On Parting (after Tu Mu)

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On Parting (after Tu Mu)

This much fondness numbs me.
I ache behind my drink, and cannot smile.
The candle too, hates parting,
and drips tears for us at dawn.

A non-poet friend asked why I’m dabbling in these adaptations. After all, she said, they’ve already been translated. Why do you breathe, I replied, admittedly a dissatisfying, snarky and evasive answer. So I thought about it. Why, indeed. The usual justifications apply: as exercises in diction and rhythm, it’s fun, it’s challenging. But the truth is I love these poems, these poets, and working through the pieces allows me to inhabit the poems in a way I can’t by simply reading them. And there is a hope, however feeble, of adding to the conversation a slight nuance or a bit of texture without detracting from or eroding the original.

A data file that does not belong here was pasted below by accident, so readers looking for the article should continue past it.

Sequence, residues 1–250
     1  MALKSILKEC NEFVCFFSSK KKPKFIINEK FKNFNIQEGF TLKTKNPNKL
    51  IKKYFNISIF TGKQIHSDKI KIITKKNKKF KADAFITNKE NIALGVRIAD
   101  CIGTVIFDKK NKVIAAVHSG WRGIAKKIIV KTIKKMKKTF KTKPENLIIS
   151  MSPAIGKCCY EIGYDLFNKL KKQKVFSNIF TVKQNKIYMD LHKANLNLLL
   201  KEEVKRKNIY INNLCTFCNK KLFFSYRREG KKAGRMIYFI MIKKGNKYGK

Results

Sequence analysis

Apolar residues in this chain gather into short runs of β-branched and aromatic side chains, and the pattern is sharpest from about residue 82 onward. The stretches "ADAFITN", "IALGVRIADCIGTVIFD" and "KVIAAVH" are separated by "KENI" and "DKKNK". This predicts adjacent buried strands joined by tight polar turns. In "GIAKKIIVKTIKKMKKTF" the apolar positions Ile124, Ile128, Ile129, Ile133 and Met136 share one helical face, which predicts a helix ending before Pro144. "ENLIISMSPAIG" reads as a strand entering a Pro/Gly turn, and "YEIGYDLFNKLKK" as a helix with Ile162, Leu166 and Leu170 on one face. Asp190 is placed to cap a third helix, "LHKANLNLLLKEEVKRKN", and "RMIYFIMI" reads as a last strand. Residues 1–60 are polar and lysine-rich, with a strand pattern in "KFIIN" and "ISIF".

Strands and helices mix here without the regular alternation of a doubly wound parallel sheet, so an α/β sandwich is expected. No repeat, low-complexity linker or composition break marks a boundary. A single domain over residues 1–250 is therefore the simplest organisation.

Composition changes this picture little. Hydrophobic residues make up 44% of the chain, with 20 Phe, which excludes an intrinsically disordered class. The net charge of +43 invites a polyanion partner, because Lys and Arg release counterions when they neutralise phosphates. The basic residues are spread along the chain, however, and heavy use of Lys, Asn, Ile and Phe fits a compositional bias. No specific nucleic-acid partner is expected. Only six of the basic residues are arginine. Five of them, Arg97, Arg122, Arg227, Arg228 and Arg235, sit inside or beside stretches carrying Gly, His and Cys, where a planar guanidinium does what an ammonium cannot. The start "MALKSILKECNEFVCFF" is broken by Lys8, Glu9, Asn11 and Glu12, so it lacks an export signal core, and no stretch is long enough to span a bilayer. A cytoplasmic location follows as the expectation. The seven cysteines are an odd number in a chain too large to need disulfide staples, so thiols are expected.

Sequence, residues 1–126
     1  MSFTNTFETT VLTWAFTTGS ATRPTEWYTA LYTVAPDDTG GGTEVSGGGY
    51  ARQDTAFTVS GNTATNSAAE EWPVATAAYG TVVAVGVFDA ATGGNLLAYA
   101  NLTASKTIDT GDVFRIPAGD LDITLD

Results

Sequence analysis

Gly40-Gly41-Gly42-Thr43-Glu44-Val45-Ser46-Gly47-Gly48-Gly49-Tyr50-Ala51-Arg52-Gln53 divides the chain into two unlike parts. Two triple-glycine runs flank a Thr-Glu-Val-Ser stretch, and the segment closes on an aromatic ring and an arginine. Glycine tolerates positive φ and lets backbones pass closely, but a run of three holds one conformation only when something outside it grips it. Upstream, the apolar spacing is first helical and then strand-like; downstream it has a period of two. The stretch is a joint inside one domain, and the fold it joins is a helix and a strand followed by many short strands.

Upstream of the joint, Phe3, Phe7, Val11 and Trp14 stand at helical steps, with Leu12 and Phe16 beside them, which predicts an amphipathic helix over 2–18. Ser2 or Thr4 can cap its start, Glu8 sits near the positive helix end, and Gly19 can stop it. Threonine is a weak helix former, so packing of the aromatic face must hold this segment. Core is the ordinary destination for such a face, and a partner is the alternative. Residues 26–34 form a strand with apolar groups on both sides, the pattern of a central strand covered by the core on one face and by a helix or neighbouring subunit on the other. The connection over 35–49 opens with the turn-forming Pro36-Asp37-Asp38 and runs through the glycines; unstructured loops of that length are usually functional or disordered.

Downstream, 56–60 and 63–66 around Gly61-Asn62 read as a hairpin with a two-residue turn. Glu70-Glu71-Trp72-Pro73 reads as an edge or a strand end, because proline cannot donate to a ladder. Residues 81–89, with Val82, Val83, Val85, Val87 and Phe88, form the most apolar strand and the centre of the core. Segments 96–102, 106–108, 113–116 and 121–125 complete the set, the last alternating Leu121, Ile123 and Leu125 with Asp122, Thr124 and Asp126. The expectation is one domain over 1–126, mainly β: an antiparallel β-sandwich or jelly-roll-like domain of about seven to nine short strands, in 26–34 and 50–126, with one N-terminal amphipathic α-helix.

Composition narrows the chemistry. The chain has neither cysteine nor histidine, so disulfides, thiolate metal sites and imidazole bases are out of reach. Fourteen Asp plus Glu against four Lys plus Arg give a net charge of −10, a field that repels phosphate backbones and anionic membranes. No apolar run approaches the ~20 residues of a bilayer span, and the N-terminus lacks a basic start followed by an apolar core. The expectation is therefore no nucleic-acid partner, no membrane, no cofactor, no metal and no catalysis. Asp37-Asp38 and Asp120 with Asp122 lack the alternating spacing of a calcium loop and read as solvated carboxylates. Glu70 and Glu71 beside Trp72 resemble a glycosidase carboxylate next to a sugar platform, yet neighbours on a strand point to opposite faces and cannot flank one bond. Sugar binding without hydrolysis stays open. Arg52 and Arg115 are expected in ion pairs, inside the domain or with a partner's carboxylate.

The transliteration on Chinese-poems.com reads:

Much feeling but seem all without feeling
Think feel glass before smile not develop
Candle have heart too reluctant to part
Instead person shed tear at dawn

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This first appeared on the blog in October 2014.

4 thoughts on “On Parting (after Tu Mu)

  1. Textual translation leaves MUCH to be questioned – nuance, emotion, … not to mention interpretation. Almost any poem in any language presents varied possible interpretations! You honor the poets with your focus and reflection of essence.

    Liked by 2 people

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